There was an announcement in the Radio Times last week of a Radio 3 programme on Warne Marsh. Warne Marsh was an American tenor saxophonist who was not very famous when he was alive and is less so now. The programme's presenter is Stacey Kent, a delightful American female singer who is making a big reputation for herself here. Not big enough, however. The Radio Times's billing read:
"Stacey Kent continues his celebration of the tenor saxophonist ..." Yes, alas - the Radio Times fact-checker (if there is one) had automatically assumed that Stacey was a masculine name and a male guy, and omitted to check his sex.
It's all too easy to do. The next day I was listening to Radio 4's Saturday Review, on which Tom Sutcliffe guides his guests through the week's arts with the skill of a cultured sheepdog. There has been a new feature in recent weeks in which one guest is allowed to nominate a cultural delight of their own, and singer Catherine Bott chose a recording of Noël Coward singing "Poor Little Rich Girl". The pianist, unusually, was not Coward himself but Carroll Gibbons, the bandleader from America who led the Savoy Orpheans, and Bott waxed lyrical over the blend of his playing and Coward's singing.
"The thing about her playing. ..." said Sutcliffe at one point, and there was a tiny moonlit glade of embarrassment as it was explained to Tom that Carroll was, in fact, not a girl but a chap.
Ah, but it is so easy to do. There are not many chaps called Carroll or Carol, and most of them were kings of Romania, so how was Tom to know? Carol is just a shortened form of Carolus, I suppose, the Latin form of Charles, so it's quite logical for a chap to call himself Carol. Or Carroll. Except that it's a girl's name, and a chap shouldn't.
But names tend to get nudged across the gender divide more and more these days. We all know Samanthas who are called "Sam" and Charlottes who become "Charlie". There are plenty of American film actresses with first names that are clearly meant to be men's names, such as Reese Witherspoon and Tatum O'Neal, and that other one, what's her name, tip of my tongue, Meredith or Brent or something, it'll come back to me. Cameron. Cameron Diaz. That's the one. For film actresses to call themselves Cameron and Reese is like going around in trousers all the time.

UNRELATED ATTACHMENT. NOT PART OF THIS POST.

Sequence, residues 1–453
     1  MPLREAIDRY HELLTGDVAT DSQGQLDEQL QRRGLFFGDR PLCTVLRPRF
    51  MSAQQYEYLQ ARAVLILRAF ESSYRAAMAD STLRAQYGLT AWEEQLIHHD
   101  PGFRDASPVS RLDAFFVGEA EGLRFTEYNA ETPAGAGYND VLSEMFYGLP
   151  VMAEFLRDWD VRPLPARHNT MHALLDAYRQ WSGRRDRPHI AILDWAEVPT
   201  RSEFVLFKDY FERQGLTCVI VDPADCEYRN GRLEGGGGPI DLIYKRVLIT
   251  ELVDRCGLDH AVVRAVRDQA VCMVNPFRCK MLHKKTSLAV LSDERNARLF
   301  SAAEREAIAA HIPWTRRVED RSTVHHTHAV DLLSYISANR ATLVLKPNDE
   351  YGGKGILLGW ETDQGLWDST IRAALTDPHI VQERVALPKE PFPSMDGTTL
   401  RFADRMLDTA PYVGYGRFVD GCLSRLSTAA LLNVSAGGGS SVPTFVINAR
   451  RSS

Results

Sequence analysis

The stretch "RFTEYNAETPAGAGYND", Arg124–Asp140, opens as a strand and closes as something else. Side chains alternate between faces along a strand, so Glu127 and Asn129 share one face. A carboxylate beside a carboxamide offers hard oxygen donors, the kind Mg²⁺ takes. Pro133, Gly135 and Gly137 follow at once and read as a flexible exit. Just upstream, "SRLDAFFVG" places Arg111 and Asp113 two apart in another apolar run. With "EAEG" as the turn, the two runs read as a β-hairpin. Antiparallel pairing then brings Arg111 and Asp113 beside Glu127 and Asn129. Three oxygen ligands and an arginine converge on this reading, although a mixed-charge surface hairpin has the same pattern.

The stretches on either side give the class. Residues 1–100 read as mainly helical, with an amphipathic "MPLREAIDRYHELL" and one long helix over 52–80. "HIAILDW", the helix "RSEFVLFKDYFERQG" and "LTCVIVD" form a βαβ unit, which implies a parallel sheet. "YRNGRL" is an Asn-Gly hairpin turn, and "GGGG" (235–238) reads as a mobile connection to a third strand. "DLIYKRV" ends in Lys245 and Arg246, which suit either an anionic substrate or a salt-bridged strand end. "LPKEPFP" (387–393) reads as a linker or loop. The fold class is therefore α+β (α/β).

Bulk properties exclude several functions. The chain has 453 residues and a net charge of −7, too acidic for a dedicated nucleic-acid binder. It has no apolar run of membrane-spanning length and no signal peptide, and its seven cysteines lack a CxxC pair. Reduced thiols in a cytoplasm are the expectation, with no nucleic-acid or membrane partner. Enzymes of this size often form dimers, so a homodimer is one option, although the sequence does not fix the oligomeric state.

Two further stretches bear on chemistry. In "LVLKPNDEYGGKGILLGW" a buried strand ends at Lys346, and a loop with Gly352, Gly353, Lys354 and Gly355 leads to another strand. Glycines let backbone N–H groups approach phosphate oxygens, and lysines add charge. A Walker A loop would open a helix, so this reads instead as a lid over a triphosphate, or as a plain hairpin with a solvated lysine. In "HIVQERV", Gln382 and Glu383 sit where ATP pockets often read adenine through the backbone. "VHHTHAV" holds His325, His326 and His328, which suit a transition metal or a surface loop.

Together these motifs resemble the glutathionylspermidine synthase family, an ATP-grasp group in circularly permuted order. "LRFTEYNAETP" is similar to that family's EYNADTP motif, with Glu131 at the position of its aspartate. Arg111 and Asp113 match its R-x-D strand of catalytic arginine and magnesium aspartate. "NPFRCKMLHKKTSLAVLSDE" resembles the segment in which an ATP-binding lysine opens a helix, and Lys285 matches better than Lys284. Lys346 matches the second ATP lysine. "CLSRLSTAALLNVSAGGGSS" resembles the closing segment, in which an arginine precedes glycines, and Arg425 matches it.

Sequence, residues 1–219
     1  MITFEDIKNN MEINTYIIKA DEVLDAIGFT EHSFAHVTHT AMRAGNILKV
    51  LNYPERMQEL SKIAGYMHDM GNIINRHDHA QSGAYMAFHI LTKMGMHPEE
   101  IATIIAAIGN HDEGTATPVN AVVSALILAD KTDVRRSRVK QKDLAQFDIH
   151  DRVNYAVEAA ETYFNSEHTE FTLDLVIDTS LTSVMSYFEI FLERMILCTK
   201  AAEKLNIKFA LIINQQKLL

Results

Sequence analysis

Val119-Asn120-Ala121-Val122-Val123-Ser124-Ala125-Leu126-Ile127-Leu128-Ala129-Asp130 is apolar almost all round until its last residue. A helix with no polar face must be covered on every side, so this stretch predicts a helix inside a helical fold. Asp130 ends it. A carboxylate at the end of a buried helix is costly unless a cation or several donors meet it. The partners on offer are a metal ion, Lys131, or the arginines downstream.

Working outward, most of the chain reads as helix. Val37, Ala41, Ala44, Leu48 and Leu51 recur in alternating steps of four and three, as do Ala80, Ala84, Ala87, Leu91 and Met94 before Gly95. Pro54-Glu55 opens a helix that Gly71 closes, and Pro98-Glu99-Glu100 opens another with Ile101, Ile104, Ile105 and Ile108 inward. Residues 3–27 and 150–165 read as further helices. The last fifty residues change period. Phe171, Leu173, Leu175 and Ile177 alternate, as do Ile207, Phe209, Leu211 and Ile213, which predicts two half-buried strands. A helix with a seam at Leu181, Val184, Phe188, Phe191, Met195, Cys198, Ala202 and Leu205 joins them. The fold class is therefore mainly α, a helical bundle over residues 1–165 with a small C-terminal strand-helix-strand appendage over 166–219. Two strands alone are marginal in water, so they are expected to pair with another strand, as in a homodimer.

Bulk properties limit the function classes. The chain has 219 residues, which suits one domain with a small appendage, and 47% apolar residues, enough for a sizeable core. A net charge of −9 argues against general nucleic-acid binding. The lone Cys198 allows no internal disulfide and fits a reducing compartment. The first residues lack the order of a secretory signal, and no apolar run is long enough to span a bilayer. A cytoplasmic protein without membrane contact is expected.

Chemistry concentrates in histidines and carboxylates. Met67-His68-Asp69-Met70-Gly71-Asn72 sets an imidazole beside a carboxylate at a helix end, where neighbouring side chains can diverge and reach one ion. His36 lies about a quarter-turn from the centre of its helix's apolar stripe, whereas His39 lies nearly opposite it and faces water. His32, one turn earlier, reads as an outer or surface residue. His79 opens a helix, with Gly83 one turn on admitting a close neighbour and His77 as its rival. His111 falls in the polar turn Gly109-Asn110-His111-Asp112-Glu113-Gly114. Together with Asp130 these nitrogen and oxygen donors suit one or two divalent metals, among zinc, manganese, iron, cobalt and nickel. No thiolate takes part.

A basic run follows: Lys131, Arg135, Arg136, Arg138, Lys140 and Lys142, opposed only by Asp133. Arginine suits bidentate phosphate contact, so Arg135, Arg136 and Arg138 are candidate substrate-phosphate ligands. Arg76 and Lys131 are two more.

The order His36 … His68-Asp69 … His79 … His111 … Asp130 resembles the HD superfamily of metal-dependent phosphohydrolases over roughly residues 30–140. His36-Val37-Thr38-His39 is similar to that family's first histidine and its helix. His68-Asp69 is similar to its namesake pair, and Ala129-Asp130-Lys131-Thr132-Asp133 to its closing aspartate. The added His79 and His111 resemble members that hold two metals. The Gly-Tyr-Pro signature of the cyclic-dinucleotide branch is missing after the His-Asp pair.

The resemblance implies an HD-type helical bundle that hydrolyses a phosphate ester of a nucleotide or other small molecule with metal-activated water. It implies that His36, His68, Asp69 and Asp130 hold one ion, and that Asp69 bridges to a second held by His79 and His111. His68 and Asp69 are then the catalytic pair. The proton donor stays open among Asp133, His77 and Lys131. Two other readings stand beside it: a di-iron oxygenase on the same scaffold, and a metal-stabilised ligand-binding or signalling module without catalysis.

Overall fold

I once met a married couple called Robin. He was called Robin. She was called Robin. They were both called Robin. It was confusing for everyone - except for them, of course. When one Robin referred to Robin, or called out "Robin!", they always knew which one they were on about. The other one. I suppose it was a bit like that when Evelyn Waugh married Evelyn Gardner. For a while, that is. It didn't last. Maybe that was why ...
Yes, there are certain names which cross the gender border effortlessly. Evelyn. Hilary. (Hilary Benn. Funny name. Girl's first name. Boy's last name. Just joking, Hil) Pat ...
Ah, yes - the person I always felt sorriest for was a chap called Pat Smythe, a very, very good British jazz pianist. His first name was Patrick, but everyone called him Pat. Unfortunately, Pat Smythe was also the name of a famous show-jumper, a female, so a lot of people must have assumed that the jazz pianist was also female, and got a shock when they met a short slim Scotsman.
But that wasn't all. Because of the show-jumper, whose name was pronounced to rhyme with "blithe", everyone assumed he was pronounced the same. But he wasn't. The family name was pronounced "Smith". I know this, because I was a distant cousin of his on my Scottish side, and I knew his mother a bit, and used to go and visit her in her grand flat in Heriot Row, Edinburgh, whenever I was performing at the Festival. She pronounced her name "Smith", which was good enough for me. So Pat Smythe not only had his gender in doubt but his name mispronounced by the entire jazz world in which he worked.
Oh, well. At least he didn't marry a girl called Pat.Reuse content